With that said, let's pretend you created a "Liberals proven wrong" article. You then populated it with concrete predictions made by liberals and their definite outcomes. OK, so you add that a liberal predicted Gore would win the 2000 presidential election, and the simple result that he had lost. Later a liberal comes along and not only adds an "Explanation" column to explain how in another universe they were correct, but they then go on to re-edit the simple result to gush on about Gore winning the popular vote, and recounts, and hanging chads, and the Supreme Court... blah blah blah. It'd look a little whiny and pathetic on the lib's part. Well... --JoshuaB 13:12, 1 March 2012 (EST)


Is this a parody? I mean Canada was beaten only by the USA and Germany, which have respectively 8 and 2.5 times the population. That doesn't exactly seem humiliating.--RolandFarragut 08:34, 1 March 2012 (EST)

Joke sports?

Since when is hockey a joke sport? Hockey requires a lot of conditioning and it is not a wimpy sport. When America won the 1980 Olympics for the sport of hockey, it was a very big deal for Americans. Second, skiing in the context of the Olympics is definitely not a "joke sport". Hockey and downhill skiing for men and figure skating for couples/women are some of the biggest draws for audiences and are featured prominently in television coverage. Conservative 06:20, 2 March 2012 (EST)

It appears Canada won no golds in downhill skiing, but rather "freestyle skiing", including "moguls". I don't know whether those are "joke sports" or not, though. I too was surprised to see ice hockey described as such - I thought it was taken quite seriously in the States.--CPalmer 09:30, 2 March 2012 (EST)
From someone who skis, moguls skiing is much harder than downhill skiing. It involves skiing through large bumps(usually 1-2 feet high) on the slope in a generally regular pattern. It can be very difficult and is very tiring, very quickly. Ayzmo :) 12:44, 3 March 2012 (EST)


There's a prediction on the prove right page from last year about the Question Evolution Campaign. Its "result" mentions how it has resulted in a tremendous increase in web traffic to the CMI website based on Alexa. If you do an Alexa result now you'll find that it was only a spike and that web traffic for CMI's website went back down to normal fairly quickly. Not to mention that the average time spent on the site is 3 minutes. And it has sunk 11k places in the last month in Alexa's rankings. Perhaps this should be added? Ayzmo :) 12:44, 3 March 2012 (EST)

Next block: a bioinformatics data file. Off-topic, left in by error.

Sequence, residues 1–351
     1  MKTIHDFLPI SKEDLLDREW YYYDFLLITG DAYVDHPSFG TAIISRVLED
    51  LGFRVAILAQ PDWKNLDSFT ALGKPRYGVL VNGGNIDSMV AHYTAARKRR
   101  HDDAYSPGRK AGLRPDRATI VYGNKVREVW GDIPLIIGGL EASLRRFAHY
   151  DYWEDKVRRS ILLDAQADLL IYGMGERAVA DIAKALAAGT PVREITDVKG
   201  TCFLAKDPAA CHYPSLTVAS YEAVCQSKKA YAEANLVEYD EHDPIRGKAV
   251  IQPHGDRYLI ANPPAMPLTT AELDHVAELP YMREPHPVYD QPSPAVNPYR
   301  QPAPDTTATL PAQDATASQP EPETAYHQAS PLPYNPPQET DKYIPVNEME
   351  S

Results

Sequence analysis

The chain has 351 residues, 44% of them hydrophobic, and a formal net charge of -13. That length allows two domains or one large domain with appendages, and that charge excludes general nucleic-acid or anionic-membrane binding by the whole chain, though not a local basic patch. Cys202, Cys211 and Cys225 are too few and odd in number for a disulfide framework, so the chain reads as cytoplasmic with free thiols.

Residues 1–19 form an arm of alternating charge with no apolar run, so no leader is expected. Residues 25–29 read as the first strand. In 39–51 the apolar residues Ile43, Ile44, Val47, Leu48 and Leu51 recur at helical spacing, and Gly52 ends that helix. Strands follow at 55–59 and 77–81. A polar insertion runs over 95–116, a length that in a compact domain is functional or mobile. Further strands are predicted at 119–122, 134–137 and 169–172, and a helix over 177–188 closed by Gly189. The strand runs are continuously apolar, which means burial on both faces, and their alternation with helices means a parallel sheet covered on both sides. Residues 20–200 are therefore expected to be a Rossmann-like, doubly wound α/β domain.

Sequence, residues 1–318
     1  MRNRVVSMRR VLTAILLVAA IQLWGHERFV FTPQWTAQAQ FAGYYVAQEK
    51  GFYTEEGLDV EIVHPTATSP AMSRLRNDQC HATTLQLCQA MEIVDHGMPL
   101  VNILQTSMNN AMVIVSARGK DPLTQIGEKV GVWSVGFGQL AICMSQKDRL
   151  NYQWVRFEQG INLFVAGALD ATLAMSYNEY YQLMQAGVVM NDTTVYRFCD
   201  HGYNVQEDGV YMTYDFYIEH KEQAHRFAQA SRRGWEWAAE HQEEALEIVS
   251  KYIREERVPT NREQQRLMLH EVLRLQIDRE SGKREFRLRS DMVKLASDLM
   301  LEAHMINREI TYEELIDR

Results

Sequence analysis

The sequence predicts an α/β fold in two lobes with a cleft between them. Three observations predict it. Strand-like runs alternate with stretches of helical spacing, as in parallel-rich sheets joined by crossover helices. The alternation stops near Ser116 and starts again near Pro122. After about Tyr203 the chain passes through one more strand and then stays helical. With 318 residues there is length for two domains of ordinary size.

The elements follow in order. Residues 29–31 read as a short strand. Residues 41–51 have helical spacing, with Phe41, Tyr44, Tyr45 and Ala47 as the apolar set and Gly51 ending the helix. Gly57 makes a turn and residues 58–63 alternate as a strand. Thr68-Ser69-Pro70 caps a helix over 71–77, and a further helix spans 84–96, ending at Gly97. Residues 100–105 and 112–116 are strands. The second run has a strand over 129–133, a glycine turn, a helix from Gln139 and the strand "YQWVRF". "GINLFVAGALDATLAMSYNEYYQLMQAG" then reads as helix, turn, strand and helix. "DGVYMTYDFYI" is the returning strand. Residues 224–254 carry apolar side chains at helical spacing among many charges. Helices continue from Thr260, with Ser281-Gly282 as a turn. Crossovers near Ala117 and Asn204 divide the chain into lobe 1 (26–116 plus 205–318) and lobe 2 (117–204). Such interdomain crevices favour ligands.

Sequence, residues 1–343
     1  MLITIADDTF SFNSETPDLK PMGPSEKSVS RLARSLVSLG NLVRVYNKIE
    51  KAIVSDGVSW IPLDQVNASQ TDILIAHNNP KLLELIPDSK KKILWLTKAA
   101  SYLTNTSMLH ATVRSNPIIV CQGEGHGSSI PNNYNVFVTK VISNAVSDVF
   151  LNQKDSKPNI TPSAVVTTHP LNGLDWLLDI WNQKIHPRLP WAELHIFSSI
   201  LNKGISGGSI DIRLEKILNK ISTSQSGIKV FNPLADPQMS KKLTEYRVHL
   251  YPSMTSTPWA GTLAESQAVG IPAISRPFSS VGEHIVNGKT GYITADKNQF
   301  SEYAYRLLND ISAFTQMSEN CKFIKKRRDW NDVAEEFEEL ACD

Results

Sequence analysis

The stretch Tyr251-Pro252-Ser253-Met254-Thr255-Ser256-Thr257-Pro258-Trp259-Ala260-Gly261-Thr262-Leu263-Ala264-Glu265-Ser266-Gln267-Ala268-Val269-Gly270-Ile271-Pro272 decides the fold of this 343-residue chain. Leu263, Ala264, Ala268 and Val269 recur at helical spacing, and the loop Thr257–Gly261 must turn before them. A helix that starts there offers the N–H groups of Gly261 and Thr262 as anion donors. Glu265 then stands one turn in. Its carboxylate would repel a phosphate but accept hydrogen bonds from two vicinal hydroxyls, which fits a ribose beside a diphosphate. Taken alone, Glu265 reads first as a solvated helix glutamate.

According to the number of unique visitors to shows an upward trend.[1] In addition, the composition of a Question evolution! campaign 50 page pamphlet is moving forward plus other materials will be forthcoming. [2]
Unlike atheists, Christians are a very persistent and patient people with a 2,000 year track record of evangelistic success (see: Global Christianity). On the other hand, global atheism is shrinking and is expected to shrink at an accelerated rate which certainly is not good for evolutionism promulgation.
So to dismiss the Question evolution! campaign at this point would be foolhardy - especially since evolutionists have yet to satisfactorily answer the 15 questions for evolutionists (although an atheist website infested with wiki vandals which isn't notable enough to have a Wikipedia article falsely claims they have adequately answered the 15 questions. In terms of quality and notability, it is very telling when a liberal website like Wikipedia which was founded by an atheist and agnostic doesn't deem your atheist website notable even after your website has been up for some time now. Even Barack Obama got a Nobel Peace Prize from his fellow liberals even though he did nothing to earn it.). Conservative 17:05, 28 March 2012 (EDT)

Canada humiliated??

As a Canadian, I think I have a pretty good gauge into the Canadian morale at the end of the Olympics: WOOT!. I'm pretty sure we weren't humiliated, and if no credible sources are found (I found none), I will remove the sentence on humiliation. JonM 23:00, 3 March 2012 (EST)

Pope and Castro

Is this another point where Aschlafly stoically claims that he is right unimpaired by evidence?

AugustO 16:39, 28 March 2012 (EDT)

I am very disappointed in the expertise/workmanship of Italian ophthalmologists/optometrists and camera makers. Italian clothes and eyeglass frames are fantastic looking, but obviously Italian ophthalmologists/optometrists and camera makers let the Pope and his team down since Fidel Castro is dead! :) Conservative 19:47, 28 March 2012 (EDT)